ZEITGEIST Player's Guide: Key Religions


ZEITGEIST Player's Guide: Key Religions

This page is a chapter in 'Books:ZEITGEIST: The Gears of Revolution Players Guide'

Four religions dominate in the ZEITGEIST campaign setting. Unlike in typical Pathfinder Role-Playing Game worlds, there is no planar travel, magic to summon extraplanar creatures is exceedingly rare and brief, and only once in recorded history has a god actually physically appeared in the world—and then she was killed. While it is undeniable that powers and forces exist beyond this world, their shapes cannot be proven, and must be taken on faith.
  • The Clergy. Organized religion based in Crisillyir. Every mortal can empower himself, even reach godhood, if he confronts the challenges of the world. Beyond this world exist many planes, each a more perfect manifestation of some aspect of our reality, and they are presided over by powerful gods, angels, and spirits that can be entreated for power.
  • Guerro. Folk religion of Ber. Every tribe has its own gods, conquered from the tribes who were not strong enough to stand alone. As the tribes battle, so do the gods. For now, it seems, the gods are at peace, and so we make peace, but all good things die in battle. A syncretic combination of Clergy and Guerro is popular in Drakr.
  • The Old Faith. Folk religion of Risur. Honor the spirits of the land, and draw power from nature. The stars above trace patterns that predict events on our world, but the only other worlds are the ones we can visit: the Dreaming and the Bleak Gate.
  • Seedism. Folk religion of Elfaivar. Our actions are seeds, and will shape the face of the world, though it may take ages. Elves and high elves have long memories. Before the rise of Man, the gods spoke to us, and we still remember their names and teachings. Srasama, the three-faced mother-warrior-queen, was slain by human treachery, but it is our duty to endure and outgrow this injury. The archfey of the Dreaming were once vassals of the gods, and so we revere and respect them.

Dominant Philosophies

Certain groups promote secular ideologies independent from the metaphysics of religion.
  • Heid Eschatol. Developed in Drakr, popular in Risur. It is important to plan for good endings, whether that’s for a business venture, a story, a love affair, or your own life.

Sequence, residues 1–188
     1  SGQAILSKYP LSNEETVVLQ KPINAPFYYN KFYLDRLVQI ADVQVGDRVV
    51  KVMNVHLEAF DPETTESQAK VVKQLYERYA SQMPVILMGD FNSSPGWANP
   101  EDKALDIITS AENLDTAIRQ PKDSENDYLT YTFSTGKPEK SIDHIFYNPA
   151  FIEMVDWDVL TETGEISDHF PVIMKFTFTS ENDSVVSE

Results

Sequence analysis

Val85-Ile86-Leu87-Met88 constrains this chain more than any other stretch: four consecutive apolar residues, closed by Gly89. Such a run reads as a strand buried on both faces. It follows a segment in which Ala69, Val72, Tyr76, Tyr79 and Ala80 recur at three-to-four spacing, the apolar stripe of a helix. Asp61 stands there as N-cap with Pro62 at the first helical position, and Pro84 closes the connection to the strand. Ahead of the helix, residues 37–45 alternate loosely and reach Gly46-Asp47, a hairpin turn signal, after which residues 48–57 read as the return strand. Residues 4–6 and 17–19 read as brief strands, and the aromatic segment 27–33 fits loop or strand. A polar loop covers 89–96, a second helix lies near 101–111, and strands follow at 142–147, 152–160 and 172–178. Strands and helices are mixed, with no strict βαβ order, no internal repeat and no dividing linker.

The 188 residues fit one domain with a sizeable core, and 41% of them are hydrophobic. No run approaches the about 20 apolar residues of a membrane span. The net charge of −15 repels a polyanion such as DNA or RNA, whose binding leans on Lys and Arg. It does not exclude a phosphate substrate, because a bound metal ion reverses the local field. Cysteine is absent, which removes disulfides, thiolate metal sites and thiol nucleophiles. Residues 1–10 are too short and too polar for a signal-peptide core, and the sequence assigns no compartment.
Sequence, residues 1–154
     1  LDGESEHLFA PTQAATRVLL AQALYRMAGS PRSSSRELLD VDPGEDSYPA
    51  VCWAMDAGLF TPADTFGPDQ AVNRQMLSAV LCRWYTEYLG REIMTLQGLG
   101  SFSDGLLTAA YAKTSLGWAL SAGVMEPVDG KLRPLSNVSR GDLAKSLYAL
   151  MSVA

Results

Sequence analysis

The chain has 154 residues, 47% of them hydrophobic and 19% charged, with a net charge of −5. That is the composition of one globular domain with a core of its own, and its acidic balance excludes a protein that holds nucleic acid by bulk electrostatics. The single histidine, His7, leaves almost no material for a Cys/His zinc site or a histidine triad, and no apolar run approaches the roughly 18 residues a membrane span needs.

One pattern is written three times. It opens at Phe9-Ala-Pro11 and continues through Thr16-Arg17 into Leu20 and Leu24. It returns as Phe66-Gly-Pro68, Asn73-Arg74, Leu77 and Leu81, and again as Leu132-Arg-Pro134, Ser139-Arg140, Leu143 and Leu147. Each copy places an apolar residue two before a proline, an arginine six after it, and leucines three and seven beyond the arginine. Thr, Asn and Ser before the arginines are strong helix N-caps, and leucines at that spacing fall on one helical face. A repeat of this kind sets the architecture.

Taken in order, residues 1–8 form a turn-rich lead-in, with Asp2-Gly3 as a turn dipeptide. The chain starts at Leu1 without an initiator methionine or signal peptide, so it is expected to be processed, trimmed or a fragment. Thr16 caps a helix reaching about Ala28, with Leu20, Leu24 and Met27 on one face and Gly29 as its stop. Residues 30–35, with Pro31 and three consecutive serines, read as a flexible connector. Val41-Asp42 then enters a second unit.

• Panoply. Nascent philosophy from Ber, concerned with examining how and why cultures differ. Followers often feel dissatisfied with the traditions of their homeland, and defend the value of foreign ideas.
  • Pragati. Official position of the Jierre ruling party in Danor. Gods are the creation of men who were unable to comprehend the real structure of the world. Those who hold false beliefs, be they in
    gods, in disproven economic theories, or anything else, are a threat to progress.
  • Vekesh. Guiding principle that helped the high elves survive after the fall of Elfaivar. After a tragedy, the best revenge is to heal and grow stronger than you were before.

The Philosophy of William Miller

While Drakran philosophy is in ascendance today, many older works are still read and discussed throughout Lanjyr. Most popular are the writings of a clerical monk, William Miller, who in the run up to the Great Malice composed a treatise on hypocrisy, suggesting that it is better to admit you are uncertain of your beliefs than to act in contradiction with your stated values. The book, widely recognized as an attack on the Clergy, allegedly drove the monk to flee persecution.

Miller reappeared several years after the Great Malice with a new work of political philosophy that coincided with his effort to found a small nation, Pala, amid the chaos of the Malice Lands. In his multi-chapter book he examined possible social structures, comparing robustness and stability with various moral values. Early chapters allude to a conclusion that would detail a handful of ideal nations, but today there are no complete copies of the book.

In 18 A.O.V., the reconstituted Clergy branded Miller a heretic, invaded Pala, and sacked its capital. He was brought to Alais Primos, the new seat of the Clergy, where he was tortured in an effort to compel a confession. After he refused to recant, his captors made a pyre of his heretical writings and burned him alive upon it. Today, Miller’s incomplete writings are popular among the bohemian dockers in Flint and followers of the Panoply in Ber. Rumors say that copies of Miller’s final chapters are kept in a library vault in Alais Primos, where it shares shelf space with other “heretical” texts.

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